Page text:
On Your Stance…

Sorry, no golf tips here if you were misled by the title. My current reading, Originals: How Non-Conformists Move the World by Adam Grant, has me thinking about organizational dynamics and changes over time. Some of this post is a reflection on the reading, some is based on past experiences in driving change in organizations over the years.

Within your organization, there are probably things you wish were different. You’ve got different options for your change management stance. How you approach the changes that you seek and those options have different chances of success. This isn’t ALL of the possible scenarios, just a few common ones to think about as you navigate change.

You could…

Seek out key players within the organization who are currently driving change and learn from the ways they have found to navigate change within the overarching culture. Ask them to grab coffee or lunch. Offer yourself up as a resource to work on projects with those people. Use this time to learn about how change happens in your organization. Most importantly, appropriately express the need for the change you seek with a plan to get there.

You could…

Voice your desire as a dissenting opinion to all of those around you and try to build a coalition of peers who all agree that things aren’t as they are supposed to be. Over time, the negative opinions take over and no one really remembers what you originally were seeking change for, but now you’ve got a long list. Often, this group doesn’t have a plan to get to their desired outcome, just the idea that things are wrong.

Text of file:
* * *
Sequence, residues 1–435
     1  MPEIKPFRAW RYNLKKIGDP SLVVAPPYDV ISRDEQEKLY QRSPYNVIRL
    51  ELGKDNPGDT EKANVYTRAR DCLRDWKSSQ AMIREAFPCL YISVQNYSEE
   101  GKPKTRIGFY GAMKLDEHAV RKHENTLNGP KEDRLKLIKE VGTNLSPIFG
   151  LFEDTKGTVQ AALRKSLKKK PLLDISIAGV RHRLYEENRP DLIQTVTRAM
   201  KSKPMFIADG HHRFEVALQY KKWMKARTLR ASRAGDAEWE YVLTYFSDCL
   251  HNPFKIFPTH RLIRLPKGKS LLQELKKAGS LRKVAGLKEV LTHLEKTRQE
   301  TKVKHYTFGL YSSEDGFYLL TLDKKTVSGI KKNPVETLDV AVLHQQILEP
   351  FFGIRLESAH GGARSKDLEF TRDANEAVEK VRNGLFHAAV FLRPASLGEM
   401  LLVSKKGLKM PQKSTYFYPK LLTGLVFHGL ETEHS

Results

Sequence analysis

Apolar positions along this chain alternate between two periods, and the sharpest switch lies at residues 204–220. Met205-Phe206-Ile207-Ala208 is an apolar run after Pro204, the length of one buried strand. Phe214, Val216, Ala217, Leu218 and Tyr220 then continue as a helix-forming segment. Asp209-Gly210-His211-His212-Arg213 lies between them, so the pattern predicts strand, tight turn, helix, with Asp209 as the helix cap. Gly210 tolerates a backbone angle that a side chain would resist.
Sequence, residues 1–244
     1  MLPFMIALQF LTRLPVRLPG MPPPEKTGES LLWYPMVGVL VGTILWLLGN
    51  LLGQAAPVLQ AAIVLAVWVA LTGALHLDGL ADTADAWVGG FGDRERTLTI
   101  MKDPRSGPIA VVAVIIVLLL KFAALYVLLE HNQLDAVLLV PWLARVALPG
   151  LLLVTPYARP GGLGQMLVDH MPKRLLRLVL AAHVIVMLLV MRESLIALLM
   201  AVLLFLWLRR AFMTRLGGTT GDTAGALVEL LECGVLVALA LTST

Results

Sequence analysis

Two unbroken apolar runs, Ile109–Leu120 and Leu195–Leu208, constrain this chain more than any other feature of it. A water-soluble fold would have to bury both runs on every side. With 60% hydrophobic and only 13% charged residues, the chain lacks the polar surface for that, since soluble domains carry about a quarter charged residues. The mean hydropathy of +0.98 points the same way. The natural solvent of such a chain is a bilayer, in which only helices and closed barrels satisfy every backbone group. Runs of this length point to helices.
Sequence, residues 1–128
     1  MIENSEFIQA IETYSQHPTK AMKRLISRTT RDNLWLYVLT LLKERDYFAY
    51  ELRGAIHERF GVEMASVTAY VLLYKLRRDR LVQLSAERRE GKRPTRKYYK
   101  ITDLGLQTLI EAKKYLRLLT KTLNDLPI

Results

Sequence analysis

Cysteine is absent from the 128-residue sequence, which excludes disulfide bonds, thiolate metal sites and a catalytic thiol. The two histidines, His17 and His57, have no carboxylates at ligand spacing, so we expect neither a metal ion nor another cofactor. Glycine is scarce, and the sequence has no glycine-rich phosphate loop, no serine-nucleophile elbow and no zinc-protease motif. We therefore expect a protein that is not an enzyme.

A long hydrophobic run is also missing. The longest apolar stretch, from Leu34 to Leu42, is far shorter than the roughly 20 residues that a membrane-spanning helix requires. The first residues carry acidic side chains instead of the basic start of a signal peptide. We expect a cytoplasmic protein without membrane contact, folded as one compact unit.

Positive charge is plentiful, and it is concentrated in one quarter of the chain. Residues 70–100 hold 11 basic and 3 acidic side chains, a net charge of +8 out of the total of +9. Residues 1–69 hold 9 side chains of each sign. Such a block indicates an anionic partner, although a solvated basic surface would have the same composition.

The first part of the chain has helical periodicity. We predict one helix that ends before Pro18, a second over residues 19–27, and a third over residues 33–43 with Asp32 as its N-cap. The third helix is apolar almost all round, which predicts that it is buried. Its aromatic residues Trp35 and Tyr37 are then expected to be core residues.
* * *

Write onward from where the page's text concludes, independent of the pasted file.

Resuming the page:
You could…

Defend the organization as it stands because you have the feeling that ‘nothing that you do will make a difference.’ In your mind, you may not drive the change you are hoping for, but at least you won’t stand out and risk being seen as a rabble rouser.

So what can you do TODAY to start driving change?

  • Prioritize: Of the changes you seek, know which one will have the most positive impact for the business. This should be your lead dog and main focus to start out. Once you get there, you will have some credits in the bank that you can cash in for other, more personal or targeted change.
  • Clarify: Make sure that your vision for change is clear, concise, and easily digested.
  • Plan: Any time you are seeking to drive change, spend time thinking about how you might get there. Think of as many different departments and divisions as you can and how they would have to contribute. Maybe the change you seek requires more human capital than the organization can afford for the outcome. Your supervisor or project sponsor will appreciate and consider your change much more often if you being it forward with a well thought out plan toward the goal.
  • Collaborate: Figure out what problems are already being solved (or that the organization is trying to solve) and find a way to get involved. This will allow you to see what the process looks like and build up some change experience.
  • Network: Find people of influence internally that you can make connections with. When you are driving change, you need people with clout in your corner.
  • Stay Positive: While this seems obvious, staying positive can be one of the more difficult aspects of driving change. Throughout the process, you may be rejected many times. Your ideas might fall on deaf ears. It’s easy to get negative. If you can maintain your focus and stay positive, your chances of success greatly improve.